Why we made the small Enyo knife

Nov 18th 2015

The Enyo

Why such a small knife

Ever hear the phrase “good things come in small packages”? This is one we hear all the time in regards to our little Enyo blade. The Enyo is a small neck knife that that we designed several years ago that continues to become of our top sellers.

We received a phone call from a soldier in Iraq who worked for a Provisional Reconstruction Team or PRT. These teams were tasked with the rebuilding and construction of Iraqi hospitals, schools and bridges. He explained that they were in the process of conducting shuras or meetings with local village elders. The purpose of which is to decide the affairs of the communities they were working in. As you can imagine, these meeting can get pretty heated and entering a Shura wearing a helmet and carrying a machinegun doesn’t always help. This is why the soldiers wanted a small fixed blade knife that could be worn but not seen.

Simultaneously, we were receiving requests from our civilian customers to make a neck knife, commonly referred to as a “necker”. The timing seemed right, so we made the decision to move forward on a design. While we knew that the knife would never become a government project, we figured we would apply a little military twist on it's design process. We were going to make the blade as if we were in the military and preparing a Critical Needs Statement. A Critical Needs Statement is a document we learned to write in the Army. It was basically a way of convincing the Chain of Command that you really needed something and why they should buy it for you.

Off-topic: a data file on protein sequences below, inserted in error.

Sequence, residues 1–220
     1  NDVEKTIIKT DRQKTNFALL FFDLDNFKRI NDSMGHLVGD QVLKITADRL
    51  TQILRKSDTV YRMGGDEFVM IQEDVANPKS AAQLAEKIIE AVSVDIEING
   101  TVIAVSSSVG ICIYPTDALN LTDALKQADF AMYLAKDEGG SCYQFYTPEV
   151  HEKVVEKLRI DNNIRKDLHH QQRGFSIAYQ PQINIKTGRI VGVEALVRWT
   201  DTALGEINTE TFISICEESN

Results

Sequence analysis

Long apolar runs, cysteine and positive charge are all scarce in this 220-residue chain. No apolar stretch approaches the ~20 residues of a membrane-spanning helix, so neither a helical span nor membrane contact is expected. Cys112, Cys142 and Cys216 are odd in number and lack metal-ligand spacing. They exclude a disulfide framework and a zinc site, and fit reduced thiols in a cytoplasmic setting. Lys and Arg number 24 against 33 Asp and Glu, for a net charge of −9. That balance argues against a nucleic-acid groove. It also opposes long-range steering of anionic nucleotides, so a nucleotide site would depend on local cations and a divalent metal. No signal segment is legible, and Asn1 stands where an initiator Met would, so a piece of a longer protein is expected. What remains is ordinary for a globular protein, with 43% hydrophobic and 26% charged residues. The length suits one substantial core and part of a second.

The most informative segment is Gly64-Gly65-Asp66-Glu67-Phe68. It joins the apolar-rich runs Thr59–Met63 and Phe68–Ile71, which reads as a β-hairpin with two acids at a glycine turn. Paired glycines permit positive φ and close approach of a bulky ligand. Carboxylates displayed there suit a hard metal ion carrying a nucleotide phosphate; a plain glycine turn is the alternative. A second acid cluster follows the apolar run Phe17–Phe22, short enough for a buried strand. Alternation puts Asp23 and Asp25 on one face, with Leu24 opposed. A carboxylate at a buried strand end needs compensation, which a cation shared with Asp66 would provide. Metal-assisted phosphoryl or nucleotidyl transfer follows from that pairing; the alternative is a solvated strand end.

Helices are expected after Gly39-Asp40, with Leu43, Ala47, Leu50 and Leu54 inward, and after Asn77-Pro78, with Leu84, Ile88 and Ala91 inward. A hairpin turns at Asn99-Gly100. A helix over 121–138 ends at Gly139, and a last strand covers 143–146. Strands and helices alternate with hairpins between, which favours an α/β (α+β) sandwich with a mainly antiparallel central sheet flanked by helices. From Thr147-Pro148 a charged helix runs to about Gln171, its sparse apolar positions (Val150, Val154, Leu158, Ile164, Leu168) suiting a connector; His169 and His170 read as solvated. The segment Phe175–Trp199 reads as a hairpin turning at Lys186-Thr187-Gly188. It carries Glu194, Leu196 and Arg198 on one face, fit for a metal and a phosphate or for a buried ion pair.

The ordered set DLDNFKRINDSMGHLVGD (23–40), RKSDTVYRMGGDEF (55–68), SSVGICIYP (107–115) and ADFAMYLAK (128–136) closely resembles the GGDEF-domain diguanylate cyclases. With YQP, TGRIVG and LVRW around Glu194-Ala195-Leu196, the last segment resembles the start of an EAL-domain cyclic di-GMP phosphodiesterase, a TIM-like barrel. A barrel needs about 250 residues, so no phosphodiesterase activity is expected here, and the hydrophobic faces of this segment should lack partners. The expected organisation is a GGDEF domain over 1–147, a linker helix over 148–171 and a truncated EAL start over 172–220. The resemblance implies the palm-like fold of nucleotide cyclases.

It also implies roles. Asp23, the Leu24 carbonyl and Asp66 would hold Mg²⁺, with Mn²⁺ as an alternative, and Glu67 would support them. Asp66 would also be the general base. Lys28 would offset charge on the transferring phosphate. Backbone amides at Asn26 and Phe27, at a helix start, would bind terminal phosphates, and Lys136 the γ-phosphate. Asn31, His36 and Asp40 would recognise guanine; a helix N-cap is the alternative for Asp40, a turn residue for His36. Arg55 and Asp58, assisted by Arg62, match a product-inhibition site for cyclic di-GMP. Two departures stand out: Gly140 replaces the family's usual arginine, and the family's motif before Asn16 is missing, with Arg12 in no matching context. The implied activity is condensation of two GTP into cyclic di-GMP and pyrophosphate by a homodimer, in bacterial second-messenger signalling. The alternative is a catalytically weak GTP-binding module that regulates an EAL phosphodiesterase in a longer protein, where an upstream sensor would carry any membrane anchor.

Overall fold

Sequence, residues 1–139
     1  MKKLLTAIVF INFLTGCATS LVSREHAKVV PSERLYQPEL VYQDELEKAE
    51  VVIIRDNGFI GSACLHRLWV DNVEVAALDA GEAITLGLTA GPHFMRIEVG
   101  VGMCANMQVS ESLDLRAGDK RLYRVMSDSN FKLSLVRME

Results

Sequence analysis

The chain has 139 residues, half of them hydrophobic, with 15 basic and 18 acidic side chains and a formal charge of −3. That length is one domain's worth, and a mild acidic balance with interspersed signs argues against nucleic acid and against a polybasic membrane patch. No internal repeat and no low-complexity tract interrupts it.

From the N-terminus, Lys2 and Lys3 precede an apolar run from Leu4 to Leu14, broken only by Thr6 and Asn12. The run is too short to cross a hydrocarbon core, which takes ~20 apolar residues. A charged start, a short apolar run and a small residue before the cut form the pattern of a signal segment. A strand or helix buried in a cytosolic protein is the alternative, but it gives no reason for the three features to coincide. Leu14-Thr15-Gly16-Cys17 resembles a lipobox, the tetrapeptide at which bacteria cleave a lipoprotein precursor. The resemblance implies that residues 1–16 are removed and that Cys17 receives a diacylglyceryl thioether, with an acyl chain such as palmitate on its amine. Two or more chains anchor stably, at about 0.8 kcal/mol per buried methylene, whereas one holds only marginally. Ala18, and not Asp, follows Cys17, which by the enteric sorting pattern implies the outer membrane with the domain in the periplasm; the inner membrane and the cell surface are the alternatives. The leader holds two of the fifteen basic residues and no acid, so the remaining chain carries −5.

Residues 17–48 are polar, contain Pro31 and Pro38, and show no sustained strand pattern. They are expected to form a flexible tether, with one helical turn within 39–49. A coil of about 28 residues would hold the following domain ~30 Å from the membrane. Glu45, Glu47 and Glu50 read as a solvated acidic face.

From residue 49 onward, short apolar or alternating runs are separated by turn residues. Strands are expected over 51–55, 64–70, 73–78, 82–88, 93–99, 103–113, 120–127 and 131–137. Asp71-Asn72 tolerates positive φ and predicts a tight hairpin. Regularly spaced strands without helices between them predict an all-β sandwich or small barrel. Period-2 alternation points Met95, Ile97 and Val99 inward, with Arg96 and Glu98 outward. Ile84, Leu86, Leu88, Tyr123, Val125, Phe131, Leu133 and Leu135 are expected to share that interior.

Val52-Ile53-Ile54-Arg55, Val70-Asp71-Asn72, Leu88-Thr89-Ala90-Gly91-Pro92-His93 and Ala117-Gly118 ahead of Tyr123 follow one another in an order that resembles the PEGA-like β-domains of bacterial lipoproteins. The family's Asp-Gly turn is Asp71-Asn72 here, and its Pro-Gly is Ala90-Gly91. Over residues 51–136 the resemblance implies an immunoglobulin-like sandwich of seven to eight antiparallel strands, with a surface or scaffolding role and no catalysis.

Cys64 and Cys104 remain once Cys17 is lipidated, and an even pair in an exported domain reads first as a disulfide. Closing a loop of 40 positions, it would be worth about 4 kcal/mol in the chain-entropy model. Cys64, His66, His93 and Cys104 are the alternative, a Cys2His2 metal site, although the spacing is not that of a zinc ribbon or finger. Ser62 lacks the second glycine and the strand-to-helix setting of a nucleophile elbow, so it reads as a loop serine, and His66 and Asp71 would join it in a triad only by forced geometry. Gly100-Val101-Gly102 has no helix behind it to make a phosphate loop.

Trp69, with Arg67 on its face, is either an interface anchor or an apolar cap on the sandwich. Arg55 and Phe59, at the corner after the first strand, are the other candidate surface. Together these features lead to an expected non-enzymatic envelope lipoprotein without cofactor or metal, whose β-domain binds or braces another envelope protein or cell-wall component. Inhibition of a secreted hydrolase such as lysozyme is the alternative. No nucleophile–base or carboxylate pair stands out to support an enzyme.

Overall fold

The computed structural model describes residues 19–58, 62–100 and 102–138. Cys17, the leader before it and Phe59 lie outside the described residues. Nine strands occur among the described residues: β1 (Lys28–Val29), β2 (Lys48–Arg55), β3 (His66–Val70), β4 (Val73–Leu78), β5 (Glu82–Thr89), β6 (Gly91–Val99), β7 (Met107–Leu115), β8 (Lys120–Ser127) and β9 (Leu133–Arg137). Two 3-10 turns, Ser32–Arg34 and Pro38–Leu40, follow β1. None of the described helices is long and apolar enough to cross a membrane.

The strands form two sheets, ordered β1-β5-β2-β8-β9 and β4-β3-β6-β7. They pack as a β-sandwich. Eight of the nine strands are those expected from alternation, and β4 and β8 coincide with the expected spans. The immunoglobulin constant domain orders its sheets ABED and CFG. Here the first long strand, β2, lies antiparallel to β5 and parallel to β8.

Fortunately, we live on the back side of Ft Bragg and still have many active duty friends and family. We talked to them at length and we came up with several requirements for the knife.

  1. Must be under 6.5 inches if concealed
  2. Blade length no longer than 3 inches
  3. Comfortable in the hand
  4. Good edge retention
  5. Not too thick so that it could be carried in the waist band
  6. Have a Kydex sheath for airborne operations
  7. Match the digital and OCP uniforms (Less trouble with the 1SG…Really!)

(Final drawing of the Enyo)

With these guidelines in place, we started the design process not realizing that the process would take a little longer than we thought. You see the problem was, “how do we make a usable knife with such a short length requirement”? We have a saying here at Spartan “a knife should be three things: sharp, pointy, and fit in the hand.” We quickly realized that doing these three things would be a bit difficult and considered not making the knife at all.

After a little more work, we developed a design that met our requirements and fit in the hand. The trick was to incorporate a thumb notch on the distal side of the blade allowing the user to choke up a bit. (See picture below) This is a feature we liked so much that we added it to our Phrike and Pallas blades becoming a recognizable “Spartan Blades feature".

Additionally, we placed a small lanyard bead on the rear of the knife to allow the user’s pinky finger a little more purchase. The result was the user could now place his whole hand on the knife. (See picture below)

With this final design in hand we moved forward with the computer modeling and production process

The Enyo is now one of our most popular knives and carried the world over. The popularity of the blade continues to grow in part because the blade length of only 2 11/16 makes this little knife legal almost everywhere!